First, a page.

I will always cherish the chats I had with Nano after the movies as much as the times watching the movies.
Here are a few more films we shared over the years.
Places in the Heart
Nano was proud of her Texas heritage and she could spend hours telling stories of living in small towns. When we watched this tale about a woman from Waxahachie, Texas, she liked the lady’s determination to hold her family together during the Great Depression. Nano then shared her stories of how her father kept things together for his family. There’s just something about those Texans.
Because Nano liked any story with a patriotic message, she and I spent a memorable July 4th a few years ago sharing this musical about the signing of the Declaration of Independence. While she did comment that the movie was a bit long, she found the ending to be moving and the message to be stirring. And she savored any opportunity to talk about the values of our country.
One Hundred and One Dalmatians
Nano, when she moved to our home in Ridgefield in 2014, formed a special friendship with Chance, our family dog. Part of her “job” as a member of the house was to feed Chance and let him out. And he knew how to charm his Nano. Perhaps that’s one reason why she loved this Disney animated classic about “parents” who will do anything to protect their offspring.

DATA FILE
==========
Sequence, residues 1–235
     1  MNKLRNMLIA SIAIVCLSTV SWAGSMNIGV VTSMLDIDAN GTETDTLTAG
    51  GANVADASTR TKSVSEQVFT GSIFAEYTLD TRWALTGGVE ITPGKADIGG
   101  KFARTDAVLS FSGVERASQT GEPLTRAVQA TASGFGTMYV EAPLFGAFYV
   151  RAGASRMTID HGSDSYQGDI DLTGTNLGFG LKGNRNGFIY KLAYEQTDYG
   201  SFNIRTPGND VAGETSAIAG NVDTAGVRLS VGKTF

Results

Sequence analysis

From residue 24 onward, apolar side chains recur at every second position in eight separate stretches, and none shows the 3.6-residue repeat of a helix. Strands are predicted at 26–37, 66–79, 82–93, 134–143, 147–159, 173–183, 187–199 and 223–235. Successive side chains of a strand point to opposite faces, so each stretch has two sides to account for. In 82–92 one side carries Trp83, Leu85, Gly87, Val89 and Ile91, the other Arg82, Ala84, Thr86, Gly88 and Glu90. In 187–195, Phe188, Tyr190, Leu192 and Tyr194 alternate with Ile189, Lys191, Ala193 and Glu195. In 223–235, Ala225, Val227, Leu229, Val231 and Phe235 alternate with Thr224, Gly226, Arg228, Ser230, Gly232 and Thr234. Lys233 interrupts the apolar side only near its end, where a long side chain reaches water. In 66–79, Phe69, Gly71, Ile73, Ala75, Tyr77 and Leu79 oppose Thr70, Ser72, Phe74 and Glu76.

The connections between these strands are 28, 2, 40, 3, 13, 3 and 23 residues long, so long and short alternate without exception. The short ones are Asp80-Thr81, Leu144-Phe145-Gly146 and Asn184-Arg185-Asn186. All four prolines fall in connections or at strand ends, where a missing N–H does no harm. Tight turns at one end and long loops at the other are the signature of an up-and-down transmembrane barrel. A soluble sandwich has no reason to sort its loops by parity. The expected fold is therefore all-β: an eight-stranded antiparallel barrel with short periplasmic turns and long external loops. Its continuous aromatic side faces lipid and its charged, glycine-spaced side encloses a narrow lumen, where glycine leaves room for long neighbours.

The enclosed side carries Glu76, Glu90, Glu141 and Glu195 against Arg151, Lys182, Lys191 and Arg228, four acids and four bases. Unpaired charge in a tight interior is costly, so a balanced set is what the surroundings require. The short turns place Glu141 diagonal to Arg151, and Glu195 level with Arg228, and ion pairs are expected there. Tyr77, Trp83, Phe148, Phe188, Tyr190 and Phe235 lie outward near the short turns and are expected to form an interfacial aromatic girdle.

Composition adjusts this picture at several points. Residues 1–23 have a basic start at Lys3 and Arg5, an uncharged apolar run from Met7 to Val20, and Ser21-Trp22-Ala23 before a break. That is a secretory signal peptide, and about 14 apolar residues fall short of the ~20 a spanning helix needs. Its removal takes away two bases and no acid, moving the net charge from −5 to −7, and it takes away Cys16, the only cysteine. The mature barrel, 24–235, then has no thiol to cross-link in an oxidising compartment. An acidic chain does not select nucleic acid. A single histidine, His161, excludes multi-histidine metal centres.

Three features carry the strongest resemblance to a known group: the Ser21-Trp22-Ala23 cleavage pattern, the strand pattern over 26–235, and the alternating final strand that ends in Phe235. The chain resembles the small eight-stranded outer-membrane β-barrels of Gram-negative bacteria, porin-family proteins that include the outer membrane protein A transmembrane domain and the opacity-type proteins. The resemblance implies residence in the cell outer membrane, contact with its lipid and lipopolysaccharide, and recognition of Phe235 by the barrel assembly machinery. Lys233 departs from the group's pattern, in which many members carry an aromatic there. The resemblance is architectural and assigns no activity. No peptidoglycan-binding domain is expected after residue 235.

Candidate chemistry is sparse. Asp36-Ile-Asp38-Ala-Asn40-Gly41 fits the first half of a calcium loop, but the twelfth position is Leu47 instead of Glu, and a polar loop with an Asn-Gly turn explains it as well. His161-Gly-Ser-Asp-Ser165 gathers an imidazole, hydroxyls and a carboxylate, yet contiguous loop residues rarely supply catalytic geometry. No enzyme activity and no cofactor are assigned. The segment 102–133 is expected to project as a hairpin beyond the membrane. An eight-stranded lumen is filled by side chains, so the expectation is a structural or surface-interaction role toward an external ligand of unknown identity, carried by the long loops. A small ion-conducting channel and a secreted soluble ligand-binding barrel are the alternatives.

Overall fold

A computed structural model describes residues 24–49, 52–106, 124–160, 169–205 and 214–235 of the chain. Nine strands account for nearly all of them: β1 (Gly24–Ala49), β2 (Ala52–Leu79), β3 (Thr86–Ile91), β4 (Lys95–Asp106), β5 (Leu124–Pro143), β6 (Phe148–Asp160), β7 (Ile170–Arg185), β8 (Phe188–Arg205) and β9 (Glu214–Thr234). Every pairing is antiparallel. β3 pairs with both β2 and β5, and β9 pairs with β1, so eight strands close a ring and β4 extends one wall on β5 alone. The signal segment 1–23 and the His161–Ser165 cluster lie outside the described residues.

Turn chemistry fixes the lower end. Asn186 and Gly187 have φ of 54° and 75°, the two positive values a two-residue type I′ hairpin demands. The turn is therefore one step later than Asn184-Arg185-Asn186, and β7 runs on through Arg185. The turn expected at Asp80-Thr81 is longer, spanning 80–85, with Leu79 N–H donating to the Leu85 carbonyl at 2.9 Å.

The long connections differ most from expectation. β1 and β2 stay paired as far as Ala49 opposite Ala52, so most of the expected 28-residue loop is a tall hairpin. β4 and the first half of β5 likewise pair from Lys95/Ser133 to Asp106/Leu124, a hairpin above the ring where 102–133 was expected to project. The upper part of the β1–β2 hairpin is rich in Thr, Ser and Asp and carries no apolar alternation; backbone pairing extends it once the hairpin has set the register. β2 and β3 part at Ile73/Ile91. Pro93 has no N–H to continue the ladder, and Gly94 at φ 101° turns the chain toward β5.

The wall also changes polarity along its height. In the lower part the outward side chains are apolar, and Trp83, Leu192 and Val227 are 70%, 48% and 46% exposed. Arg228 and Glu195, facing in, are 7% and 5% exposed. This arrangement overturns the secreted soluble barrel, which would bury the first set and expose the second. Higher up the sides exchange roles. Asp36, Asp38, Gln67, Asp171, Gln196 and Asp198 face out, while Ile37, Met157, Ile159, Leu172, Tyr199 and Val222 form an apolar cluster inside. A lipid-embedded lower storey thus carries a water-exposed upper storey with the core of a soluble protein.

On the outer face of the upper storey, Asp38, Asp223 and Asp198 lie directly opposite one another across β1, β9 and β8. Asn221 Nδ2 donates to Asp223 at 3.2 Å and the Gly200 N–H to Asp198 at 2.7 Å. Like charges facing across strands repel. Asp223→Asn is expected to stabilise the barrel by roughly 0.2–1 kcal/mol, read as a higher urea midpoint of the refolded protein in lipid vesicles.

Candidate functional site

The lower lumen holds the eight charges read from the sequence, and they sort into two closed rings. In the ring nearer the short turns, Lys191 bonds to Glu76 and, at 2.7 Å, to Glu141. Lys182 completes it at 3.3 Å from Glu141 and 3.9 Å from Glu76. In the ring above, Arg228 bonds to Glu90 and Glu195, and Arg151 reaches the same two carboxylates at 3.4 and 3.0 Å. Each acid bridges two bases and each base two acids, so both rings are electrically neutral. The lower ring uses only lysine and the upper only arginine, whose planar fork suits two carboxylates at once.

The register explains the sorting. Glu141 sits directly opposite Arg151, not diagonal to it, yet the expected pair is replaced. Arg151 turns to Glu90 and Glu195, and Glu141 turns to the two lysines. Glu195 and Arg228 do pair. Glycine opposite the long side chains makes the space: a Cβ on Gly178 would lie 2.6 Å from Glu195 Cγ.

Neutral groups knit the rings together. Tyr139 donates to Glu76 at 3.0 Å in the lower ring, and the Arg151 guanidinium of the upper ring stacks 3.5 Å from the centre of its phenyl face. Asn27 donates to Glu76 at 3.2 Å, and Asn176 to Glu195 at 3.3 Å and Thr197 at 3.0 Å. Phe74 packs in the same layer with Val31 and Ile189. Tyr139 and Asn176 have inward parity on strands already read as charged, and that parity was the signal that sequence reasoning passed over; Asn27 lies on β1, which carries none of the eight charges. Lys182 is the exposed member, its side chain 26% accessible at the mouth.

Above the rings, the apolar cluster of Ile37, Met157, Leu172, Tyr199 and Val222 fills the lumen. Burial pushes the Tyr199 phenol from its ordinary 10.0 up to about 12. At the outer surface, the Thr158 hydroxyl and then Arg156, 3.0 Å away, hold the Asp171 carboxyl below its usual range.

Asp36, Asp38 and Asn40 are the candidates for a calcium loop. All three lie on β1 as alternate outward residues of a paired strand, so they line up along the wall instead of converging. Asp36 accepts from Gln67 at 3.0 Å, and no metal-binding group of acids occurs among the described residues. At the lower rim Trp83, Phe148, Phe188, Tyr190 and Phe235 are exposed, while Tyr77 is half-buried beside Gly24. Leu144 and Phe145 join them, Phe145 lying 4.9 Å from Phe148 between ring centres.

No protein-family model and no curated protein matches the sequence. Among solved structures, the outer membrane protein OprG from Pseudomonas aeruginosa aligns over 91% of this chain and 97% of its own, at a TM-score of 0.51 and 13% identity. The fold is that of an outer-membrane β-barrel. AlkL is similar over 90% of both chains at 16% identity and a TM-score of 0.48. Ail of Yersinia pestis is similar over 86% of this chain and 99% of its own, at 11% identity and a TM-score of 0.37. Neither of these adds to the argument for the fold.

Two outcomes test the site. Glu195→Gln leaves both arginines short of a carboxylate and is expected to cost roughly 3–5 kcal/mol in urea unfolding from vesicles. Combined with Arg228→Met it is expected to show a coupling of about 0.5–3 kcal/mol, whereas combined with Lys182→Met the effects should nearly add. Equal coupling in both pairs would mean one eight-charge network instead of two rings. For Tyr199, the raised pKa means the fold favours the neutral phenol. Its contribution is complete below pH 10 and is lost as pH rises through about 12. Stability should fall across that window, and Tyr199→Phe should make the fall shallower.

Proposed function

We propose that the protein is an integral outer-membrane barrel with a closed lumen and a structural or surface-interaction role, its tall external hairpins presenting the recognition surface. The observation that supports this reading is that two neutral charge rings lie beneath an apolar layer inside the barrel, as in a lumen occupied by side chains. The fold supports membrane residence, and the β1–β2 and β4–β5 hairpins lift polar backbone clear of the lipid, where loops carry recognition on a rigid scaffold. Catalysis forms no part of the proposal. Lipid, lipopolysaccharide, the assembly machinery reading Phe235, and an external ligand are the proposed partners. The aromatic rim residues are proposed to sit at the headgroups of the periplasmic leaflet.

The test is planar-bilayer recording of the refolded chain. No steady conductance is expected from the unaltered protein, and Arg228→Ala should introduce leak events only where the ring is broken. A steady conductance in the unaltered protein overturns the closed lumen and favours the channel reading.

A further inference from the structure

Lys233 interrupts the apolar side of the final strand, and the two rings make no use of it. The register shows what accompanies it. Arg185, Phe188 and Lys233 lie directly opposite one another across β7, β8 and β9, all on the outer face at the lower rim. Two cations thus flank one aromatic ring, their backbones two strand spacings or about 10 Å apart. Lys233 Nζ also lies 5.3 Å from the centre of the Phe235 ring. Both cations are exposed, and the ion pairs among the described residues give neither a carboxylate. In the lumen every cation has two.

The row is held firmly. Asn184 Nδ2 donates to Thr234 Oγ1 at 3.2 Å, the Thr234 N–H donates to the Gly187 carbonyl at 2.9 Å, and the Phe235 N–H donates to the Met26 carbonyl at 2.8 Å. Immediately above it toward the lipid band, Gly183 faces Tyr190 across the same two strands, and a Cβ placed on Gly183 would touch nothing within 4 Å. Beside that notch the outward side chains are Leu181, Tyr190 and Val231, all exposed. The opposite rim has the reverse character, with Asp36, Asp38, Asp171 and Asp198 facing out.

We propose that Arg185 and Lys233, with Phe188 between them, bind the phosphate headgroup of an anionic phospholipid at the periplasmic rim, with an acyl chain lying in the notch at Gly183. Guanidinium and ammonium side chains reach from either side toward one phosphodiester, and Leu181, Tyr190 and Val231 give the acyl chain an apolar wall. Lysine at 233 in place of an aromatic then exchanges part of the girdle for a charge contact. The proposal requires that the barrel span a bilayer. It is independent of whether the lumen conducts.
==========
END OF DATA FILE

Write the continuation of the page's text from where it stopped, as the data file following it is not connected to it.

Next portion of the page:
Nano, like me, loved any movie with Julie Andrews, starting with this Oscar-winning portrayal of the magical nanny. Nano remembered taking her children to see the movie in Midland, Texas, in the mid 1960s when it opened. She liked how the parents and children learned to appreciate each other. And she loved when Dick Van Dyke danced with the penguins. Those toes were tapping.